A retrospective survey of oral lichenoid lesions: Revisiting the diagnostic process for oral lichen planus

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Abstract

Objective. We sought to investigate patient demographics and diagnostic trends in biopsies in patients with final diagnoses of oral lichen planus or lichenoid over 4 decades. Methods. Archived biopsy reports from 248 patients were examined for 1966, 1976, 1986, and 1996. Data were collected for patient age and sex, significant medical and dental history, description of lesion, and clinical and histopathologic diagnoses. Results. Oral lichen planus made up a declining portion of total final diagnoses over the decades. The number of cases with less-than-definitive diagnoses and using modifying terminology (eg, probable, possible, suggestive of) increased. In addition, the age at diagnosis for female patients increased by 1.2 years per decade on average, whereas the age for male patients decreased by 3.5 years per decade on average. Conclusions. The diagnosis of oral lichen planus appears to have been extended by the use of modifying terminology to include lesions that have less than definitive features. Comprehensive clinical histories and investigations can help limit the inclusion of such lesions.

Original languageEnglish (US)
Pages (from-to)676-681
Number of pages6
JournalOral Surgery, Oral Medicine, Oral Pathology, Oral Radiology, and Endodontics
Volume93
Issue number6
DOIs
StatePublished - Jan 1 2002

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Oral Lichen Planus
Terminology
Biopsy
Surveys and Questionnaires
Tooth
History
Demography

Cite this

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title = "A retrospective survey of oral lichenoid lesions: Revisiting the diagnostic process for oral lichen planus",
abstract = "Objective. We sought to investigate patient demographics and diagnostic trends in biopsies in patients with final diagnoses of oral lichen planus or lichenoid over 4 decades. Methods. Archived biopsy reports from 248 patients were examined for 1966, 1976, 1986, and 1996. Data were collected for patient age and sex, significant medical and dental history, description of lesion, and clinical and histopathologic diagnoses. Results. Oral lichen planus made up a declining portion of total final diagnoses over the decades. The number of cases with less-than-definitive diagnoses and using modifying terminology (eg, probable, possible, suggestive of) increased. In addition, the age at diagnosis for female patients increased by 1.2 years per decade on average, whereas the age for male patients decreased by 3.5 years per decade on average. Conclusions. The diagnosis of oral lichen planus appears to have been extended by the use of modifying terminology to include lesions that have less than definitive features. Comprehensive clinical histories and investigations can help limit the inclusion of such lesions.",
author = "Myers, {Sandra L} and Rhodus, {Nelson L} and Parsons, {Heather M.} and Hodges, {James S} and Shanti Kaimal",
year = "2002",
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doi = "10.1067/moe.2002.121281",
language = "English (US)",
volume = "93",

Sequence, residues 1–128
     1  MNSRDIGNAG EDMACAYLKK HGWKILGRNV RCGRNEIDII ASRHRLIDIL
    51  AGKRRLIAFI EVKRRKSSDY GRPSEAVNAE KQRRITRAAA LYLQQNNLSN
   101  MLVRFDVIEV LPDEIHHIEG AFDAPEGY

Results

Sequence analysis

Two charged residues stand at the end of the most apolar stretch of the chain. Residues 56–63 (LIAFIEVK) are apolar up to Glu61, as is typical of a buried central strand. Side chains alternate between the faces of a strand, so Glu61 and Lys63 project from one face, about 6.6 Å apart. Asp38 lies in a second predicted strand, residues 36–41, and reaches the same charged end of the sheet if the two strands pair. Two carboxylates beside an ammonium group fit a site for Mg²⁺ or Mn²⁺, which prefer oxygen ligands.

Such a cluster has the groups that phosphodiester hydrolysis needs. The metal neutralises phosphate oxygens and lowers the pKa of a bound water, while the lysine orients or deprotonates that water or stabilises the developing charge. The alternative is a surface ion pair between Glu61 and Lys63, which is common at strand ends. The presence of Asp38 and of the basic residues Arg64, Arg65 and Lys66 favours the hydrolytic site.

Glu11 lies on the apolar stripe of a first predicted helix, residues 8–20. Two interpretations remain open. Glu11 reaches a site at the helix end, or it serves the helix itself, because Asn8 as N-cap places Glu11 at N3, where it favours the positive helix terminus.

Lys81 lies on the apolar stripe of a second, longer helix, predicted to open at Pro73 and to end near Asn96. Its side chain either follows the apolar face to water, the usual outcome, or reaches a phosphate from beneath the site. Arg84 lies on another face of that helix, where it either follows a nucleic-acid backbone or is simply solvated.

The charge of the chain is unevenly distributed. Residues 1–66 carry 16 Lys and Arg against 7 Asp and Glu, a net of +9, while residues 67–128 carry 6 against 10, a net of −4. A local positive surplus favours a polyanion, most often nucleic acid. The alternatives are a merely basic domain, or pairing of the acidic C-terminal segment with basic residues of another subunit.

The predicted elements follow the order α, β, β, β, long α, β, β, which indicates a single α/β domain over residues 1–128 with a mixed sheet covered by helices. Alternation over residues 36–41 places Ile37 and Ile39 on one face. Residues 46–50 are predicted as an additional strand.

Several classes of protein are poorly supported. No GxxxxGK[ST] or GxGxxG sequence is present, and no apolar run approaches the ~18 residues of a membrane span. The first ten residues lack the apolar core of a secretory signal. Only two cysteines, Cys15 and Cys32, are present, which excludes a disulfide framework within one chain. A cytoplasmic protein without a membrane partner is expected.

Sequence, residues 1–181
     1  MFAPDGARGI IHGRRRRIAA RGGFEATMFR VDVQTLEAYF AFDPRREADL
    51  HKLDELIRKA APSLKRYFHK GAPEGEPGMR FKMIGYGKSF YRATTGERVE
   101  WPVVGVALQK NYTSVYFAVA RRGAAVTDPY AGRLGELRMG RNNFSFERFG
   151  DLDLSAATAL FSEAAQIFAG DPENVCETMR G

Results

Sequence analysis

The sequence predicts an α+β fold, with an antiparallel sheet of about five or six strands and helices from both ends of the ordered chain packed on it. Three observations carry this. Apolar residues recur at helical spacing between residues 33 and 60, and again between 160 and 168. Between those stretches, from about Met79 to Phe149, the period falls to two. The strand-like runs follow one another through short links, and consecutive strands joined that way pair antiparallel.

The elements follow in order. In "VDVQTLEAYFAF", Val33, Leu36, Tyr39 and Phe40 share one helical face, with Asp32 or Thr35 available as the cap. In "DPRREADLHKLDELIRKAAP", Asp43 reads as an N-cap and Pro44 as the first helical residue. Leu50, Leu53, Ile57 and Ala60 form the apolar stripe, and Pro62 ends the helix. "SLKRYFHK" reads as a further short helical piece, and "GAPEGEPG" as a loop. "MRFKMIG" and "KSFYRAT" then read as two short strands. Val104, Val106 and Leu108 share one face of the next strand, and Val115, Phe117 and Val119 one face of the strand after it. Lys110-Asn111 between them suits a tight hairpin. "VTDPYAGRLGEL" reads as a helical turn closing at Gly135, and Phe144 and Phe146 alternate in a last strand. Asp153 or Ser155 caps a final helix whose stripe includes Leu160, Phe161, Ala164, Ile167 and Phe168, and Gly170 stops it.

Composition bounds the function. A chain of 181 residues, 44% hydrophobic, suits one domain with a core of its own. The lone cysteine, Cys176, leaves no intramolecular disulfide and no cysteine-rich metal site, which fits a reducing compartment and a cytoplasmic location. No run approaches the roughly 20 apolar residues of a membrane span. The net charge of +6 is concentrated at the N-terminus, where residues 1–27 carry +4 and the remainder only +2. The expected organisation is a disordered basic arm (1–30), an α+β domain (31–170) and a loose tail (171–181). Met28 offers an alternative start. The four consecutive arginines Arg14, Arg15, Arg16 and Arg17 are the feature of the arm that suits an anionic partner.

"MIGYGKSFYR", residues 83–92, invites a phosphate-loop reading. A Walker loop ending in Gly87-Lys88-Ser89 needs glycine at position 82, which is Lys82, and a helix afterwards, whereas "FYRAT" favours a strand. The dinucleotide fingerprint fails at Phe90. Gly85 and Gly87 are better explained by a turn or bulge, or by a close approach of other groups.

pages = "676--681",
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publisher = "Elsevier USA",
number = "6",

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TY - JOUR

T1 - A retrospective survey of oral lichenoid lesions

T2 - Revisiting the diagnostic process for oral lichen planus

AU - Myers, Sandra L

AU - Rhodus, Nelson L

AU - Parsons, Heather M.

AU - Hodges, James S

AU - Kaimal, Shanti

PY - 2002/1/1

Y1 - 2002/1/1

N2 - Objective. We sought to investigate patient demographics and diagnostic trends in biopsies in patients with final diagnoses of oral lichen planus or lichenoid over 4 decades. Methods. Archived biopsy reports from 248 patients were examined for 1966, 1976, 1986, and 1996. Data were collected for patient age and sex, significant medical and dental history, description of lesion, and clinical and histopathologic diagnoses. Results. Oral lichen planus made up a declining portion of total final diagnoses over the decades. The number of cases with less-than-definitive diagnoses and using modifying terminology (eg, probable, possible, suggestive of) increased. In addition, the age at diagnosis for female patients increased by 1.2 years per decade on average, whereas the age for male patients decreased by 3.5 years per decade on average. Conclusions. The diagnosis of oral lichen planus appears to have been extended by the use of modifying terminology to include lesions that have less than definitive features. Comprehensive clinical histories and investigations can help limit the inclusion of such lesions.

AB - Objective. We sought to investigate patient demographics and diagnostic trends in biopsies in patients with final diagnoses of oral lichen planus or lichenoid over 4 decades. Methods. Archived biopsy reports from 248 patients were examined for 1966, 1976, 1986, and 1996. Data were collected for patient age and sex, significant medical and dental history, description of lesion, and clinical and histopathologic diagnoses. Results. Oral lichen planus made up a declining portion of total final diagnoses over the decades. The number of cases with less-than-definitive diagnoses and using modifying terminology (eg, probable, possible, suggestive of) increased. In addition, the age at diagnosis for female patients increased by 1.2 years per decade on average, whereas the age for male patients decreased by 3.5 years per decade on average. Conclusions. The diagnosis of oral lichen planus appears to have been extended by the use of modifying terminology to include lesions that have less than definitive features. Comprehensive clinical histories and investigations can help limit the inclusion of such lesions.

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